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Asthma Treatments

Treatment

The treatment approach to asthma is four-fold:

  • Regular assessment and monitoring
  • Control of contributing factors (eg, gastroesophageal reflux and sinusitis ), avoidance of allergens or irritants
  • Patient education
  • Medications

Often, you'll need to take more than one type of medication.

Asthma Medications

Medications Used to Control Asthma

These medications are used to control the condition and avoid asthma attacks, not to treat an acute attack:

  • Inhaled corticosteroid—used daily to reduce inflammation in your airways
  • Long-acting beta agonists—(eg, inhaled salmeterol ) used daily to prevent asthma attacks; should not be taken without an inhaled corticosteroid
    • May increase the risk of asthma-related death, intubation (putting a tube in the windpipe to breath), and hospitalization—If you have any concerns, talk to your doctor.
  • Cromolyn sodium or nedocromil sodium inhaler—used daily to prevent asthma flare-ups or to prevent exercise-induced symptoms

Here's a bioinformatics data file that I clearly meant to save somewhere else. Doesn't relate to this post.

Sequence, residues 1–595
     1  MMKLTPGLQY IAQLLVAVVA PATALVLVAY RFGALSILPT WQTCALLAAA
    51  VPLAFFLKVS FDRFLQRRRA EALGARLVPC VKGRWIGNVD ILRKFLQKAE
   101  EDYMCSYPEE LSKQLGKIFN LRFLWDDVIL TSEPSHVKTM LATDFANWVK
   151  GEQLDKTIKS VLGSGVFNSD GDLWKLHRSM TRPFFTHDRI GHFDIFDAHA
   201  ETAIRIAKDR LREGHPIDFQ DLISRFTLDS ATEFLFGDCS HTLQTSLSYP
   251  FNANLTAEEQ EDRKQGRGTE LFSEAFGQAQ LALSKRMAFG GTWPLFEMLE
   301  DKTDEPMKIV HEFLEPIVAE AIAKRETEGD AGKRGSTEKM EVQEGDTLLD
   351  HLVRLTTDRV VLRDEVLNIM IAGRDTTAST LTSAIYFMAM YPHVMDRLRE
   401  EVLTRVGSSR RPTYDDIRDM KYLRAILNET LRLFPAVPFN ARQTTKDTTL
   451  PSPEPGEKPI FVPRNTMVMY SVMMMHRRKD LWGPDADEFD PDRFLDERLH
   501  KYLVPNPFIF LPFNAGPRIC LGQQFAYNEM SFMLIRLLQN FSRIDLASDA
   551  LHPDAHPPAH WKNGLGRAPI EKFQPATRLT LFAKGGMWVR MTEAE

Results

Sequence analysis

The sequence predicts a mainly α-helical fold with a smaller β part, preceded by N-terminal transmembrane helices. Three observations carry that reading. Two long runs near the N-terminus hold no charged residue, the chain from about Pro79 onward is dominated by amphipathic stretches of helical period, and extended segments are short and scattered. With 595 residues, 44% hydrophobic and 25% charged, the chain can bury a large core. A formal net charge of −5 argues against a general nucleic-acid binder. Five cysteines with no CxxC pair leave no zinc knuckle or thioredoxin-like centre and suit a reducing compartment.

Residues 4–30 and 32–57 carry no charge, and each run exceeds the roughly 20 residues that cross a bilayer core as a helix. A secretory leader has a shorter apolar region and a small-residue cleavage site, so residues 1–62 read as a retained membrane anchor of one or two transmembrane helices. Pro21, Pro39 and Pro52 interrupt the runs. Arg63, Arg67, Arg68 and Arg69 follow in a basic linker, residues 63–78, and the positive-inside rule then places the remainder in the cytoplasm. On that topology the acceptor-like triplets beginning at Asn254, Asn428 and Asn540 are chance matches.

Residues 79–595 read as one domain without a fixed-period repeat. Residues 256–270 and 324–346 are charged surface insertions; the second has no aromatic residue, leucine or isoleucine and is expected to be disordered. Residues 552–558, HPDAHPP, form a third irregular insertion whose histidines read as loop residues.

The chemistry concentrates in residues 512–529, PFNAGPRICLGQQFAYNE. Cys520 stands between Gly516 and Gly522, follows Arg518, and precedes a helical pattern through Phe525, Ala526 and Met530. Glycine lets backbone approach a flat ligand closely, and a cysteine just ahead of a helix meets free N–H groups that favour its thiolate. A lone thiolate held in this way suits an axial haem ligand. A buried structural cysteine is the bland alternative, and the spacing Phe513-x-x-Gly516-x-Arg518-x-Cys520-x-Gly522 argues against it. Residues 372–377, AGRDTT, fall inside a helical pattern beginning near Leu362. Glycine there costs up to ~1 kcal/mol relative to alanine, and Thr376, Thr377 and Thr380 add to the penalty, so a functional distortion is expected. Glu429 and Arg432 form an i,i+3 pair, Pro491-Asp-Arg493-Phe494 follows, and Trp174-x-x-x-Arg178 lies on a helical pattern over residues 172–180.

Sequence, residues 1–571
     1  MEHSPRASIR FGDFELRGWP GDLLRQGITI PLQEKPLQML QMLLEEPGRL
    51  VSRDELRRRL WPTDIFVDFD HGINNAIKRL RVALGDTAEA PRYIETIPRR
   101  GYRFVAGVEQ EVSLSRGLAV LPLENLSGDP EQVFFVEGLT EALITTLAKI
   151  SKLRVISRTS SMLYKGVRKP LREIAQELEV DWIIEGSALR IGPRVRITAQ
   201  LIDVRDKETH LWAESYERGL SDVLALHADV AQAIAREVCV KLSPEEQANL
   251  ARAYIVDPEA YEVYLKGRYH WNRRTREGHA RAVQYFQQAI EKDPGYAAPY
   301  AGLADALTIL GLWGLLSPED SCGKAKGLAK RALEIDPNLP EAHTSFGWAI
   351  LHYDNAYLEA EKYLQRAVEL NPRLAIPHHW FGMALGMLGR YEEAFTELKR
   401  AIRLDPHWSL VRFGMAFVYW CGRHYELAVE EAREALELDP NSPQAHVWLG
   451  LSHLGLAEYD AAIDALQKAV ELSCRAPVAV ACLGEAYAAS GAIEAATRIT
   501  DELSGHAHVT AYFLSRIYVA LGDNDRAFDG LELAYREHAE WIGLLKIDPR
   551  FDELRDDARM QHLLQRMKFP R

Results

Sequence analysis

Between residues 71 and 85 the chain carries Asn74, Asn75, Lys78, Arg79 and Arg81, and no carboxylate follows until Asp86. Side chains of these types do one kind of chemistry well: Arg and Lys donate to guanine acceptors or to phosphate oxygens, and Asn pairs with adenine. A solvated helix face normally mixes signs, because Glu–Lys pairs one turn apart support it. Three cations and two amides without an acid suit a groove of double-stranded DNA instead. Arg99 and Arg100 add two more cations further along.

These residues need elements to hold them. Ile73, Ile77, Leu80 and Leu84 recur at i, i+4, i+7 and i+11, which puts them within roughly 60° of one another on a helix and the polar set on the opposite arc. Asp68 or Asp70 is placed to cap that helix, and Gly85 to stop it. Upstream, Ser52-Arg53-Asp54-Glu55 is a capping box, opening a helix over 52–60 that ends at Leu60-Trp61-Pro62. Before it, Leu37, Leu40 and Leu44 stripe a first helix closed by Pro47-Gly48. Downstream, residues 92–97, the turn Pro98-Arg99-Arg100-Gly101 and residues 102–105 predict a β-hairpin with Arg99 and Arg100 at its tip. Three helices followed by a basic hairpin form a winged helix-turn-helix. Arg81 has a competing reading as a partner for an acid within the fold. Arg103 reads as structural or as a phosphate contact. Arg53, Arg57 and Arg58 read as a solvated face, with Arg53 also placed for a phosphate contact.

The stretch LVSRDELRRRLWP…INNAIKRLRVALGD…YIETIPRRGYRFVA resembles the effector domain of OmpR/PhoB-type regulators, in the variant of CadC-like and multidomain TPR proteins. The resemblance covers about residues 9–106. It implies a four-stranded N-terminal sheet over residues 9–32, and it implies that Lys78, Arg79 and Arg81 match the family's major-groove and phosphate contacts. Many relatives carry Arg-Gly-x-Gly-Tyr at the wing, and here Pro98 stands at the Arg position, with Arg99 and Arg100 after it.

• Zafirlukast , zileuton , and montelukast —taken daily to help prevent asthma attacks
  • Omalizumab (Xolair)—a monoclonal antibody against immunoglobulin E (IgE), given as an injection under the skin, used along with other medications
  • Theophylline —taken daily to help prevent asthma attacks, not as commonly used because of interactions with other drugs

Medications Used to Treat an Asthma Attack

These medications are used to treat an asthma attack:

  • Quick-acting beta agonists—(eg, inhaled albuterol , xopenex ) relax your airways so that they become wider again, may also be used to avoid exercise-induced asthma attacks
  • Anticholinergic agents—inhaled medications, such as ipratropium , that function as a bronchodilator, typically only used in an emergency setting
  • Corticosteroids—pills, injections, or intravenous (IV) medications given to treat acute flare-up of symptoms
    • Pills may be taken for a longer period of time if you have severe asthma that isn't responding to other treatments.
  • Epinephrine —a shot given to stop an asthma attack

Please be aware that this information is provided to supplement the care provided by your physician. It is neither intended nor implied to be a substitute for professional medical advice. CALL YOUR HEALTHCARE PROVIDER IMMEDIATELY IF YOU THINK YOU MAY HAVE A MEDICAL EMERGENCY. Always seek the advice of your physician or other qualified health provider prior to starting any new treatment or with any questions you may have regarding a medical condition. Copyright © 2019 EBSCO Publishing All rights reserved.

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